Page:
As Baby Boomers make the transition into their 60s, they have focused policymakers and the media's attention onto how this generation will manage the retirement phase of its lifetime. This volume acknowledges that many, though not all, in this older cohort have accumulated substantial assets, so for them, the question is what will they do with what they have?

We offer a detailed exploration of how people entering retirement will deploy their accumulated assets in the near and long term, so to best meet their myriad spending, investment, and other objectives. The book offers readers an invaluable study of emerging issues regarding assets and expectations on the verge of retirement, including uncertainty regarding life expectancy and morbidity. It is composed of chapters from a distinguished set of authors including a Nobel Laureate and a wonderful mix of academics and practitioners from the legal, financial, and economic fields.

 

The Role of Faith-Based Institutions in Providing Health Education and Promoting Equal Access to Care: A Case Study of an Initiative in the Southwest Bronx

The Role of Faith-Based Institutions in Providing Health Education and Promoting Equal Access to Care: A Case Study of an Initiative in the Southwest Bronx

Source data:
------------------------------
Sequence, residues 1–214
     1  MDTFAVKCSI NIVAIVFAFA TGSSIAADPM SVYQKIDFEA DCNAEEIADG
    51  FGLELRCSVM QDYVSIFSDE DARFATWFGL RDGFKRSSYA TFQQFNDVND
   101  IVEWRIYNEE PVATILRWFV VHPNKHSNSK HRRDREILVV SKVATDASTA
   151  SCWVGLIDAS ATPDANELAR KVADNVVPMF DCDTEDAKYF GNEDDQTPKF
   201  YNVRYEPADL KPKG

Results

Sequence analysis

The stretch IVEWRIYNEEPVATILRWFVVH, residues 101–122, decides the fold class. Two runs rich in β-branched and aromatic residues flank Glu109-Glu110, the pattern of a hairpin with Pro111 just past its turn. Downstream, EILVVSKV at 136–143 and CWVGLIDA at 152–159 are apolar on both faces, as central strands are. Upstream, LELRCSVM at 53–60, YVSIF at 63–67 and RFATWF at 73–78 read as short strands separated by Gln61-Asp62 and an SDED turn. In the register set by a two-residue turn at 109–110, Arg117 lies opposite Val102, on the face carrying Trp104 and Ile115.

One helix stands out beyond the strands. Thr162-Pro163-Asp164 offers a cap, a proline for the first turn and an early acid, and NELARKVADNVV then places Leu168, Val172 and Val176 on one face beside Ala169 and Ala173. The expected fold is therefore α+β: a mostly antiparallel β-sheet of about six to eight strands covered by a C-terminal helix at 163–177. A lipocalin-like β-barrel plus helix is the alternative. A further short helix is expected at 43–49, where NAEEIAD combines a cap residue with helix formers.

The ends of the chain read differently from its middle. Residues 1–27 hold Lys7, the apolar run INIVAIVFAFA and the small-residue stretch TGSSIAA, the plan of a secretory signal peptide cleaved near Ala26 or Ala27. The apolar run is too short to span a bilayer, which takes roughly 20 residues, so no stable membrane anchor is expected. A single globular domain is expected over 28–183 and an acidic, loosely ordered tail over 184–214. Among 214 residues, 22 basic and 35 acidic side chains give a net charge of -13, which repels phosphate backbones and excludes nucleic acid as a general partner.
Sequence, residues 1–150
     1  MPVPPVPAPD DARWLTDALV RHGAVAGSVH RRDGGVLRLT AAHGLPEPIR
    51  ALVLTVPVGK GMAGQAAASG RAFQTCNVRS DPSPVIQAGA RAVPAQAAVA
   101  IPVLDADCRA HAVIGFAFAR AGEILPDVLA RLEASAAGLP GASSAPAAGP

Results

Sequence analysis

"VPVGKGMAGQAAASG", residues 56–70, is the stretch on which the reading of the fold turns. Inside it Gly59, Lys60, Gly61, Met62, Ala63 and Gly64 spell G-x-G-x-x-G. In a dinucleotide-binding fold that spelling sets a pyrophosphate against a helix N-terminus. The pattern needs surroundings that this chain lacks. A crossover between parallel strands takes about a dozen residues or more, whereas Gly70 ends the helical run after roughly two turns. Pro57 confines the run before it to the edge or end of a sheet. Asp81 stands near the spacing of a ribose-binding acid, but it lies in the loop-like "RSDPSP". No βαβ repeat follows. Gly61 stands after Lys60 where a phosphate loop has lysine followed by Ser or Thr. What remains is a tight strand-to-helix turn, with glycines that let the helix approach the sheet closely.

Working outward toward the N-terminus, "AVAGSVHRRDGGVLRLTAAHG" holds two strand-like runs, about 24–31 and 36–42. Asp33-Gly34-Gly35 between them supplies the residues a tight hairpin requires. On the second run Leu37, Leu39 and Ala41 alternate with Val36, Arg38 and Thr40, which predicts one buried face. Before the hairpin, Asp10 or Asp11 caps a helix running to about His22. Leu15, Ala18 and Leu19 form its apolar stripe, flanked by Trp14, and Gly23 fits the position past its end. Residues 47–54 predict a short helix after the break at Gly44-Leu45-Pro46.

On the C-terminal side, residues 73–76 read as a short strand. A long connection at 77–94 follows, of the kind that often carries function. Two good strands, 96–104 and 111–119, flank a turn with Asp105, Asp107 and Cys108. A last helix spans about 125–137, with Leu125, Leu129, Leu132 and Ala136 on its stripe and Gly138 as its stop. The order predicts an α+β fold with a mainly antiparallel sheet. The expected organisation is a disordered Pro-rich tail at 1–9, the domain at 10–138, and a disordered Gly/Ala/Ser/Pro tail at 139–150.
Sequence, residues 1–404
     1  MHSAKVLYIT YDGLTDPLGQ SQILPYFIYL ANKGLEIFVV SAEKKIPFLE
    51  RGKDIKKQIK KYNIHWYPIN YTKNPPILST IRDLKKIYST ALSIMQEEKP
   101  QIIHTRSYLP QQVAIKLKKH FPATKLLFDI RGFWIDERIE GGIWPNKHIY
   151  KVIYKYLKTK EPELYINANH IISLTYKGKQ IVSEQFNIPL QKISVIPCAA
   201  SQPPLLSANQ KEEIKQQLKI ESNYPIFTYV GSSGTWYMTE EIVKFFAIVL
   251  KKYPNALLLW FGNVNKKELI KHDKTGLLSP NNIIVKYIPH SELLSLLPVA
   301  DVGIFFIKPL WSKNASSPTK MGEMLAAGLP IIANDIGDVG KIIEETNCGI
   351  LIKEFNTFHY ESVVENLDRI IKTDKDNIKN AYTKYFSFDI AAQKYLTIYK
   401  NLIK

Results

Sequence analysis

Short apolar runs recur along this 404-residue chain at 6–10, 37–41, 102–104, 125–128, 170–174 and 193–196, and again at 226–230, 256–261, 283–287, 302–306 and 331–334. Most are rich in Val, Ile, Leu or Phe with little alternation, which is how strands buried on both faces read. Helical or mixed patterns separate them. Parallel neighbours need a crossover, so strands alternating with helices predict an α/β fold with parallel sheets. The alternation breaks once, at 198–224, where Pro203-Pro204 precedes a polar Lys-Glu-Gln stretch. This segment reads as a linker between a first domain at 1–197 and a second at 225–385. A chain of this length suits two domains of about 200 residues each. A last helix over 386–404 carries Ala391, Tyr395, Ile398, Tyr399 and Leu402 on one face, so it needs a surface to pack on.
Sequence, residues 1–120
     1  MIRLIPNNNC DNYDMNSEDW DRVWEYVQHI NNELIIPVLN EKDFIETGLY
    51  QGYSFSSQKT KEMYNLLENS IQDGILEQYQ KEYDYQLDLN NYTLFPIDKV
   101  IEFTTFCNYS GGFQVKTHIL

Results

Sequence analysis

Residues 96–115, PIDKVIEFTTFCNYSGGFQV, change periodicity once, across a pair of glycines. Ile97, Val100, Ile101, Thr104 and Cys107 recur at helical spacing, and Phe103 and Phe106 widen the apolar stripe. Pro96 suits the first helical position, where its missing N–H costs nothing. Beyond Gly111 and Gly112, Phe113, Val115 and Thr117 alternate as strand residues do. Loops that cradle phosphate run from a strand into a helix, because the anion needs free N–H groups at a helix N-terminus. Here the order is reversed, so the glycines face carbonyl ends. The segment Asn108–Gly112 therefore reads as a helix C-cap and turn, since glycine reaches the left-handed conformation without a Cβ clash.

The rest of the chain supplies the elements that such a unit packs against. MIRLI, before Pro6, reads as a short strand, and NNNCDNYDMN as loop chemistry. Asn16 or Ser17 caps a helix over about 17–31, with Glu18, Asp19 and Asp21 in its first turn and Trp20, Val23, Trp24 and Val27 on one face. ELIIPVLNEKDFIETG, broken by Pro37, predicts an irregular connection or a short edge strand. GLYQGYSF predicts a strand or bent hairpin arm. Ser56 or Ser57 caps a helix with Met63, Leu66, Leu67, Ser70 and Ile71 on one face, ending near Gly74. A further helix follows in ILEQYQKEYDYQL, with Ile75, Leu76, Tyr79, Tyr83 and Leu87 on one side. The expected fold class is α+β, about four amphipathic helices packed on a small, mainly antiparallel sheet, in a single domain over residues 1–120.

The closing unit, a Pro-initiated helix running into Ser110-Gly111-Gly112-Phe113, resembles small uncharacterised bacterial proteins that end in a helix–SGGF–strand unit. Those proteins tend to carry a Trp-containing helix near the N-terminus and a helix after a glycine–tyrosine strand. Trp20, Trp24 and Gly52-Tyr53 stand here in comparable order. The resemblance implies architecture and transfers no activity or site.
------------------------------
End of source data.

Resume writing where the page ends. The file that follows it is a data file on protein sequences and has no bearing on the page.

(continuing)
Journal of Health Care for the Poor and Underserved 2006; 17.2: 9-19.

Kaplan S.A., Calman, N.S., Golub M., Davis J.H. & Billings, J.
01/01/2006

Although many public health initiatives have been implemented through collaborations with faith-based institutions, little is known about best practices for developing such programs. Using a community-based participatory approach, this case study examines the implementation of an initiative in the Bronx, New York, that is designed to educate community members about health promotion and disease management and to mobilize church members to seek equal access to health care services. The study used qualitative methods, including the collaborative development of a logic model for the initiative, focus groups, interviews, analysis of program reports, and participant observation. The paper examines three key aspects of the initiative’s implementation: (1) the engagement of the church leadership; (2) the use of church structures as venues for education and intervention; and (3) changes in church policies. Key findings include the importance of pre-existing relationships within the community and the prominent agenda-setting role played by key pastors, and the strength of the Coalition’s dual focus on health behaviors and health disparities. Given the churches’ demonstrated ability to pull people together, to motivate and to inspire, there is great potential for faith-based interventions, and models developed through such interventions, to address health disparities.

Black-White Differences in Occupational Prestige: Their Impact on Child Development

Black-White Differences in Occupational Prestige: Their Impact on Child Development
American Behavioral Scientist, May 2005; 48: 1229 - 1249.

Conley D. & Yeung, J.
05/01/2005